I saw "Transformers: Revenge of the Fallen" last week, and I really enjoyed it. Apparently among critics I was in the minority on that one. The film certainly wasn't perfect, but I didn't think it was nearly as bad as people were saying.

The surprising thing for me though, was how divided people's opinions were about it. For the most part I found that people who viewed the film fell into two camps: those that loved it and those that hated it. I didn't really encounter a many people who fell in between.

July starts out a bit slow this week with "Public Enemies," "Ice Age: Dawn of the Dinosaurs," and "I Hate Valentine's Day" opening in theaters.

During the Great Depression, bank robber John Dillinger was an American folk hero. Dillinger's charisma and his daring jailbreaks made him idolized by Americans, who had little sympathy for the banks he robbed. J. Edgar Hoover, exploited Dillinger's fame as a criminal, declaring him Public Enemy Number One, and using his capture as a chance to turn his Bureau of Investigation into the national police force known as the FBI.

"Public Enemies" tells the story of John Dillinger (Johnny Depp) and his rival FBI agent Melvin Purvis (Christian Bale). Purvis, who was known as the "Clark Gable of the FBI," was tasked by J. Edgar Hoover with capturing Dillinger's gang and putting an end to their crime spree.

Michael Mann, the person responsible for 2006's "Miami Vice," writes, directs, and produces "Public Enemies." The film, which is also co-written by Ronan Bennett and Ann Biderman, takes inspiration from the Bryan Burrough book Public Enemies: America's Greatest Crime Wave and the Birth of the FBI, 1933-34.

SEE IT, RENT IT, OR SKIP IT? See it. I've never been a huge fan of Michael Mann's movies, but I do love Johnny Depp and Christian Bale. You can always count on Depp to give a deeply nuanced performance no matter what character he is playing. Admittedly Christian Bale's performance in "Terminator Salvation" was nothing to write home about, but I'm confident he will bounce back with "Public Enemies."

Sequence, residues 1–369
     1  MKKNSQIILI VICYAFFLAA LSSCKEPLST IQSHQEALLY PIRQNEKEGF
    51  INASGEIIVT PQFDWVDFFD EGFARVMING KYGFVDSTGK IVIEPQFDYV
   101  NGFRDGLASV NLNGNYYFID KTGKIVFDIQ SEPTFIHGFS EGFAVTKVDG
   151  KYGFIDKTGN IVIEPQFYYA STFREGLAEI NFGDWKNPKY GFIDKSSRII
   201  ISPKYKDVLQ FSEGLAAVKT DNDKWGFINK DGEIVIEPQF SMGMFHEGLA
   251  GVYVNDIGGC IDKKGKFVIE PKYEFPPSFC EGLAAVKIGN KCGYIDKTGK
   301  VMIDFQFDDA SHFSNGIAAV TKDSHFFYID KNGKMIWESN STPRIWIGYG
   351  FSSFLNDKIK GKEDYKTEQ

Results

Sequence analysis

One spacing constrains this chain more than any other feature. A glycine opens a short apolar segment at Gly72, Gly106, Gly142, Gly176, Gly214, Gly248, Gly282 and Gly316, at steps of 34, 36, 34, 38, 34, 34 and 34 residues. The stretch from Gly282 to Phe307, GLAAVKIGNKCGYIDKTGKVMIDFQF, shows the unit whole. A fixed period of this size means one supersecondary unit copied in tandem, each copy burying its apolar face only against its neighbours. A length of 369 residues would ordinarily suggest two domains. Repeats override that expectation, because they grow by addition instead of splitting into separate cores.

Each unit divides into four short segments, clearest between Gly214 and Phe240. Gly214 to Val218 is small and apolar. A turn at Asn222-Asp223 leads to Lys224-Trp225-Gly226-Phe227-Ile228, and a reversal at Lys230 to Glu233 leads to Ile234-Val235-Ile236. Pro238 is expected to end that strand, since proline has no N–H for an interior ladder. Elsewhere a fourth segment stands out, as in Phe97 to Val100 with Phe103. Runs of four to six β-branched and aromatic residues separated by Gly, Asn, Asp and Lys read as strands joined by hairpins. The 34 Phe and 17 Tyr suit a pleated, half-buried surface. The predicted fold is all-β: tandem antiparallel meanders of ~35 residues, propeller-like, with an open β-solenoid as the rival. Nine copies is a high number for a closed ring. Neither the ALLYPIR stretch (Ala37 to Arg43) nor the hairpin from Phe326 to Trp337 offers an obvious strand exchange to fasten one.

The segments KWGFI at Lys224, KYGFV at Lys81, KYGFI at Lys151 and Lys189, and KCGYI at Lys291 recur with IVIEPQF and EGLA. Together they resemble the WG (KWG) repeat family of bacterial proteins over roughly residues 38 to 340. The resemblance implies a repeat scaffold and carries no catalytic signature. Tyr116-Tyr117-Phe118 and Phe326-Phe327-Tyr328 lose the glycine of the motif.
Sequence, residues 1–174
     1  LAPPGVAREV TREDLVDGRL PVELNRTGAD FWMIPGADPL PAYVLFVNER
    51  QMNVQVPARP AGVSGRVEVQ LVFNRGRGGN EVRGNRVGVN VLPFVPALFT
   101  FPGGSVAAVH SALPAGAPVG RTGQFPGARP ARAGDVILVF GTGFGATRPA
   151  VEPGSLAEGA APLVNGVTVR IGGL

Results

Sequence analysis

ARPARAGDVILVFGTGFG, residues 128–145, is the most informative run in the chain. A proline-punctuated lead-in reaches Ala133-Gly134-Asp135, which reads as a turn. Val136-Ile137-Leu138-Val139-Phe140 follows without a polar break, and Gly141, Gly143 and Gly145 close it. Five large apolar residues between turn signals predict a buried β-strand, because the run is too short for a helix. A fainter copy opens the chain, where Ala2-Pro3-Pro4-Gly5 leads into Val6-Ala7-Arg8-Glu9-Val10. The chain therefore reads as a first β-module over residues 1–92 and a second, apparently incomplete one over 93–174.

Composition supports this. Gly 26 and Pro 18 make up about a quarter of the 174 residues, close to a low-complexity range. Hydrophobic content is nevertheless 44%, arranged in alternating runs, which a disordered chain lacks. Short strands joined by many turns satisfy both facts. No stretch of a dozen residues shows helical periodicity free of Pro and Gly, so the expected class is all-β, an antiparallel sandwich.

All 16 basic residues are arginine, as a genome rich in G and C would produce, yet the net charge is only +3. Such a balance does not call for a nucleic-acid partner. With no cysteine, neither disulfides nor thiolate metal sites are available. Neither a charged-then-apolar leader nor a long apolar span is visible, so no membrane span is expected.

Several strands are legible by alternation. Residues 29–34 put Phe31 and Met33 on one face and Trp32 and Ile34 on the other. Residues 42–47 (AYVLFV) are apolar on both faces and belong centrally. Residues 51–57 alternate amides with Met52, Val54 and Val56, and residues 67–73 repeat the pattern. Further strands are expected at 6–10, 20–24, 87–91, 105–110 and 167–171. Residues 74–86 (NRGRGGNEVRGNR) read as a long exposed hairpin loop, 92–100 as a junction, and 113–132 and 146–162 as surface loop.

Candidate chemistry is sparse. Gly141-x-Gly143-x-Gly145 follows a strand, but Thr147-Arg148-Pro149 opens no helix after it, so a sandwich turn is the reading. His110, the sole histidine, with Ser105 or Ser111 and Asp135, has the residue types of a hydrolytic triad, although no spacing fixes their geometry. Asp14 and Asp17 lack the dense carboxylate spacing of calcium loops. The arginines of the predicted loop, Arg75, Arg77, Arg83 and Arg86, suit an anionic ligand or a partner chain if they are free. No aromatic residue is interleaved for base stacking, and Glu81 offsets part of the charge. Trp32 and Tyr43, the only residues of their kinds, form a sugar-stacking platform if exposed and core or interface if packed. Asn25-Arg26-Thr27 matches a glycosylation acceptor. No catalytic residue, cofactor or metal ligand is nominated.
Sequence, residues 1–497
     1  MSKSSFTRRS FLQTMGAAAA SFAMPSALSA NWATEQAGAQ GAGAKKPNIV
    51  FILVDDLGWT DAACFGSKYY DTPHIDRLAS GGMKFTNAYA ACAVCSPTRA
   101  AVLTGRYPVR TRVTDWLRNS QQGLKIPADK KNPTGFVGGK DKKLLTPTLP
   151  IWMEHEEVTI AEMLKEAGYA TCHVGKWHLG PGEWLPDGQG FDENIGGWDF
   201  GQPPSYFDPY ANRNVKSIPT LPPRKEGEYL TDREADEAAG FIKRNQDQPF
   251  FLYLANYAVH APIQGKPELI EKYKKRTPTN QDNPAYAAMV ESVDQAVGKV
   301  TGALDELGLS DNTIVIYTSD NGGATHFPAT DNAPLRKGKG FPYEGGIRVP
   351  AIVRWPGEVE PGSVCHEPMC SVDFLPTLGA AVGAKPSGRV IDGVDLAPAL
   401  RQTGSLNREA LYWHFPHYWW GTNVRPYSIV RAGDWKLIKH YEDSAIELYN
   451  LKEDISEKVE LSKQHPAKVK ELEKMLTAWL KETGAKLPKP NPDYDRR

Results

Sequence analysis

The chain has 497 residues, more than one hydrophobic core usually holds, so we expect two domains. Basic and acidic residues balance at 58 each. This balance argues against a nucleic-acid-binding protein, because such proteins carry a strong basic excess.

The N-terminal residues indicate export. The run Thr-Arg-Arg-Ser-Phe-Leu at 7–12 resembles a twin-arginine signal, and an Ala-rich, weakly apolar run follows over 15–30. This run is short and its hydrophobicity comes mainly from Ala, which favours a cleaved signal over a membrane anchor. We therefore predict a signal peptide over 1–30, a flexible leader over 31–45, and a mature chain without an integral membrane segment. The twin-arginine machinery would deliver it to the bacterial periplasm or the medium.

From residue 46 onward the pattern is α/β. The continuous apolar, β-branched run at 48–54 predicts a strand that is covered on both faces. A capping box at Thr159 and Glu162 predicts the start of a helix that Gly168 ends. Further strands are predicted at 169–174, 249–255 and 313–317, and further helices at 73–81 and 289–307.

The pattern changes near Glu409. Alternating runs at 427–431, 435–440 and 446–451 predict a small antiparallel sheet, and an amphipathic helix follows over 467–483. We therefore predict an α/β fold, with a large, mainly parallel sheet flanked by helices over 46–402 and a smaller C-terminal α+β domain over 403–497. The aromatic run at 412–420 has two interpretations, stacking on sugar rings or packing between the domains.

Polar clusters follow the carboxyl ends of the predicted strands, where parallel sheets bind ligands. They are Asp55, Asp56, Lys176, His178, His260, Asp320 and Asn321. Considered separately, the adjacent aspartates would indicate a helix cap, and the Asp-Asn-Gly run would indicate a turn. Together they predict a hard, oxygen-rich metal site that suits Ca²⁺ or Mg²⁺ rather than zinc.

In this third installment of the animated "Ice Age" franchise, mammoths Manny (Ray Romano) and Ellie (Queen Latifah) are about to have a baby, while the sloth Sid (John Leguizamo) tries to start his own unusual family. When Sid gets into trouble, his friends Manny, Ellie, Diego, and Scrat all jump into action on a mission to save him. Along the way, the team discovers a strange variety of dinosaurs, plants, and animals.

Carlos Saldanha and Mike Thurmeier, the two men behind the previous two "Ice Age" movies, return to co-direct this film. "Dawn of the Dinosaurs" features the voice talents of returning characters played Ray Romano, Queen Latifah, John Lequizamo, Denis Leary, and Chris Wedge, as well as a new character voiced by Simon Pegg.

SEE IT, RENT IT, OR SKIP IT? Skip it. Basically unless you are a parent or a kid, you don't have any good reason to see this film. I haven't seen the previous "Ice Age" movies so I can't base my advice on those, but other than celebrity voices, nothing in the trailer made this animated comedy appeal to me. "Dawn of the Dinosaurs" strikes me as just another sequel to a popular CG film without any new compelling ideas for the characters or the story, released simply because Hollywood knows audiences will go see it.

New York City florist, Genevieve (Nia Vardalos), has her own set of rules when it comes to the dating game. She only goes on five dates with a man, so that she never gets hurt. After she meets Greg (John Corbett), a good looking and funny restaurant owner, Genevieve is forced to confront her rules and decide whether a chance at true love is worth breaking them.

"I Hate Valentine's Day" is actress Nia Vardalos' second romantic comedy to be released this summer. Vardalos directs the film and co-writes it with Stephen David and Ben Zook. This is the first movie to reunite Vardalos with her co-star John Corbett from 2002's "My Big Fat Greek Wedding."

SEE IT, RENT IT, OR SKIP IT? Skip it. This romcom doesn't look especially funny or interesting. Its bland formulaic nature doesn't seem like it can be saved, even by reuniting the chemistry of John Corbett and Nia Vardalos. With other funnier looking romantic comedies out there, including Vardalos' own "My Life in Ruins," you should pass on seeing "I Hate Valentine's Day."

Story by Starpulse contributing writer Evan Crean, a movie trivia guru and trailer addict with a practically photographic memory of actors and directors. Get a first look at the movies premiering each week, which which ones will be worth your $10, which ones you should wait to rent and which ones aren't worth your time.